Windows Security: Part 1
Windows 7 has been released to the public a little over three weeks ago, and although various advertisements tout the virtues of this new operating system, there appears to be not much of a reaction within the user community. My purpose in saying this is not to run down Windows 7. In fact, it appears to be a very good operating. (But then again, compared to Vista, what wouldn’t be good?)
The virtues of Windows 7 aside, there appears to be a continued use of but waning interest in Windows operating systems in general. I remember when Windows NT was first released. There was a kind of electric “buzz” within the user community. Tech “ragsheets” soon were filled with news about this then new operating system. New magazines such as what was then called Windows NT Magazine appeared and quickly picked up thousands of subscribers. The world of desktop computing quickly switched from Novell NetWare to Windows NT. To some degree, the same was true of both Windows 2000 and Windows XP. Bill Gates seemed to own the world, and the world was excited about what was happening.
Anticipating that the at-the-time Windows revolution would create the need for security courses on Windows operating systems, I decided to create a multi-day course on Windows NT security. Doing this was anything but an easy task, partially because Microsoft did not at the time make sufficient information about NT security available (although since then this vendor has done a great job in supplying such information). But frankly, I also did not know much about Windows, let alone security in Windows operating systems, and what I found out about these operating systems seemed very strange to me. Why, for example, were there settings in the Registry that were redundant with settings in c:\%systemroot%\system32, allowing for multiple ways for perpetrators and malware to change these settings without authorization? (By the way, I have still not figured this issue out—if you know, please tell me.)
I finally got my Windows NT course together and began teaching it. Demand was amazingly high, and I started to realize that I may have been able to quit my job and just teach Windows NT courses to make a living, although I never did so. I taught for both SANS and the Computer Security Institute (CSI), as well as for others, and I remember one time in 1998 that I had approximately 300 attendees in a two-day Windows NT security course that I taught at a SANS conference in San Diego. I could not even begin to make out the faces of attendees way back in the last rows.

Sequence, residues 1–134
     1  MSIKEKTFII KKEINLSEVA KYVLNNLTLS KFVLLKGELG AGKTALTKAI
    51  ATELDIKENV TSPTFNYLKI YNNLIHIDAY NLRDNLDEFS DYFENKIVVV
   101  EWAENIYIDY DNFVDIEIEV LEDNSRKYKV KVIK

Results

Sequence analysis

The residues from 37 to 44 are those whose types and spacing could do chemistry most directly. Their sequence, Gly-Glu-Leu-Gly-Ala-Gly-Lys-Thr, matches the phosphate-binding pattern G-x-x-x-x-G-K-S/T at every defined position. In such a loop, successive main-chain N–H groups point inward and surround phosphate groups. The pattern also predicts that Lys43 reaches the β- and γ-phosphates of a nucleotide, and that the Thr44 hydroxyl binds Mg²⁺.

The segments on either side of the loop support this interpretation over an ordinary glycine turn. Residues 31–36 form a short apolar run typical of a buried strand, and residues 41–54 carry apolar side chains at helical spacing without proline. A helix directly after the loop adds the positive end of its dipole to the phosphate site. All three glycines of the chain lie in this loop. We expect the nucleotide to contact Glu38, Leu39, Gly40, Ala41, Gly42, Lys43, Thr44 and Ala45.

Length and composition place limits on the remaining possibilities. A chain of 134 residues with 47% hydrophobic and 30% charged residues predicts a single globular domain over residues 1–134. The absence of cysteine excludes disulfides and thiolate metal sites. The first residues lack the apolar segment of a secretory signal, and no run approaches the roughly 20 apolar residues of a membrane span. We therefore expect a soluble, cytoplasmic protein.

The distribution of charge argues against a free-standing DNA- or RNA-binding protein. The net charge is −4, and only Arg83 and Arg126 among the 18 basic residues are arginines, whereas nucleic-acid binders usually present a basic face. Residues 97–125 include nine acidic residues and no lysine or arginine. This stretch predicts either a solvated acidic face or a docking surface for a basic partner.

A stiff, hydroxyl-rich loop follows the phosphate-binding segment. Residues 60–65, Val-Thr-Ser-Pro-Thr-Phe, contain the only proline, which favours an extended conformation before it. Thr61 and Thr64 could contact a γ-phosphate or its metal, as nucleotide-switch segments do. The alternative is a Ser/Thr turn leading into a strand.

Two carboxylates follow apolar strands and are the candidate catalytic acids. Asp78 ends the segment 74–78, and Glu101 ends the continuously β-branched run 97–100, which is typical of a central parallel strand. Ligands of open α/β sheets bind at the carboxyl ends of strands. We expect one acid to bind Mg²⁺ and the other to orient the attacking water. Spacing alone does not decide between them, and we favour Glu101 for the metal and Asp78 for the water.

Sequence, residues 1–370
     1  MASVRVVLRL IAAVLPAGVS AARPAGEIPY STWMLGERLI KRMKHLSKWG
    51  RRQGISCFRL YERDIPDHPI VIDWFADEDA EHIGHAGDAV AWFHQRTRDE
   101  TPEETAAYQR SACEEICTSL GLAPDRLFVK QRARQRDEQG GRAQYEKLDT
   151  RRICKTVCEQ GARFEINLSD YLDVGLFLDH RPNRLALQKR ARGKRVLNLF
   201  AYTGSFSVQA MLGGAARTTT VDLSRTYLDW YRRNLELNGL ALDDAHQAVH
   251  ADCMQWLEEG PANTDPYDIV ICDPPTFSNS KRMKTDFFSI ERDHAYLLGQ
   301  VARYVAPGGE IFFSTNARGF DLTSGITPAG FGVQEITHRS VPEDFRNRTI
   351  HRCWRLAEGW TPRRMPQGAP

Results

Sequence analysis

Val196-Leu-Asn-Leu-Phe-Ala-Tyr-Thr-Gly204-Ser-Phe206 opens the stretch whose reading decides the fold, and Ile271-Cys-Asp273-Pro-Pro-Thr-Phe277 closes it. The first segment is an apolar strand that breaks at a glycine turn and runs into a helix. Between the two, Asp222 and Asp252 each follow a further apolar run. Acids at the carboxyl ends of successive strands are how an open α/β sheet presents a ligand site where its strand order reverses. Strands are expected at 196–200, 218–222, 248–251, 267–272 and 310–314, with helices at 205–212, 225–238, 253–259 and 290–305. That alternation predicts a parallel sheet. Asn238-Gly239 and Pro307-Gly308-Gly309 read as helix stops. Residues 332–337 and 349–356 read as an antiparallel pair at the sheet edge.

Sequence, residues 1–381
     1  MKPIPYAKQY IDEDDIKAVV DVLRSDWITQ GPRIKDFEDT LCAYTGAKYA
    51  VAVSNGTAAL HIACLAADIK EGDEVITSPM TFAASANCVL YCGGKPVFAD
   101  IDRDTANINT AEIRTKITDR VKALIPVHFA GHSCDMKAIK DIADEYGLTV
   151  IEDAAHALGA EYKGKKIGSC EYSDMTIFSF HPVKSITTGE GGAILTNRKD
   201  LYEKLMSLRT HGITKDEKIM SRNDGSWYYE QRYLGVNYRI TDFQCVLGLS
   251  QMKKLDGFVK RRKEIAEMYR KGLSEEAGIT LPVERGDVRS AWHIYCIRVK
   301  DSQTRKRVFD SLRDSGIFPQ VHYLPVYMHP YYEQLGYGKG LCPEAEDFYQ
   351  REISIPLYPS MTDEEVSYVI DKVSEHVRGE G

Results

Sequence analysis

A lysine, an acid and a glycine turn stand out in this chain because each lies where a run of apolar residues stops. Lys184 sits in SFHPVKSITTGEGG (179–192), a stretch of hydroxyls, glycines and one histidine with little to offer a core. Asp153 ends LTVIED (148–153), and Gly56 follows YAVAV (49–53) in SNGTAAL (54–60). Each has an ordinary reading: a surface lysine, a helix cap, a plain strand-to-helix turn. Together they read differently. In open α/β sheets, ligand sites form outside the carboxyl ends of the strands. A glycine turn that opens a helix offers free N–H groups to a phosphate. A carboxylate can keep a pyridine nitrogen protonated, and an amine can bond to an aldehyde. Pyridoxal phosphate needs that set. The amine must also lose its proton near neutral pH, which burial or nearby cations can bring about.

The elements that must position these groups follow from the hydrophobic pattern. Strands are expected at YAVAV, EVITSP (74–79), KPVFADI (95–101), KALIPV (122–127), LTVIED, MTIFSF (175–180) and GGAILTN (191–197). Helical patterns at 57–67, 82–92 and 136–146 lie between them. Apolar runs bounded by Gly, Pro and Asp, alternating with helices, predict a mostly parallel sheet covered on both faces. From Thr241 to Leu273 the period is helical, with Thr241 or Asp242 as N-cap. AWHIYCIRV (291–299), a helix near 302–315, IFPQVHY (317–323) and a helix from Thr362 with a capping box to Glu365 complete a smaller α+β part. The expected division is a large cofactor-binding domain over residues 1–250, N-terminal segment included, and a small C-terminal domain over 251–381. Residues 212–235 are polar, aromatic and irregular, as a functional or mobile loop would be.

About four years later I developed a course in Windows 2000 security. Windows 2000 was revolutionary in that it was the first operating system with Active Directory (AD), and much of security was (and still is) built around AD. Windows 2000 also introduced many new and highly useful features, many of them security-related, and interest in Windows 2000 and Windows 2000 security continued to be high, as evidenced by good attendance at the courses on this subject that I taught at the time.
SANS and I went separate directions in 2002, but this organization continued to offer a course (complete with certification, yet!) on Windows 2000 security and later (because by then there were several different Windows operating systems) just Windows security. I assume that there were many attendees of this course; but one thing I distinctly noticed was that the demand for the Windows 2000 security course I taught for CSI at that time started to subside. I developed and taught courses on Windows XP security and later Windows Server 2003 security and the trend continued—fewer people were signing up for the course. The last Windows Server 2003 security course I taught had only nine attendees. The same must have been true for the SANS Windows security course, because I notice that at many SANS events, this course is no longer taught.
Like anything else, one something that was originally radically new first surfaces, it is “hot,” but then the excitement starts to die. Additionally, if a system administrator knows how to lock down version n – 1 of a Windows operating system, much of that knowledge will apply to version n, in large part (but not completely) precluding the need to go to training on how to secure version n. Additionally, Vista (which represents a horrible miscalculation on Microsoft’s part) substantially dampened enthusiasm related to Windows operating systems.
The proverbial baton of excitement has been passed to Linux, especially to the Debian flavor(and, in particular, the Ubuntu flavor of Debian), but the majority of users still use Windows. Which vendor still sells the most operating systems? Microsoft, of course. Windows operating systems are going to be with us for a long time. Microsoft (but not necessarily other operating system vendors) will continue to make a fortune off of operating systems as well as the many useful applications and other products that this software giant makes. But don’t expect anybody to be all that excited about them any more—not even if nice new technology like Windows 7 surfaces.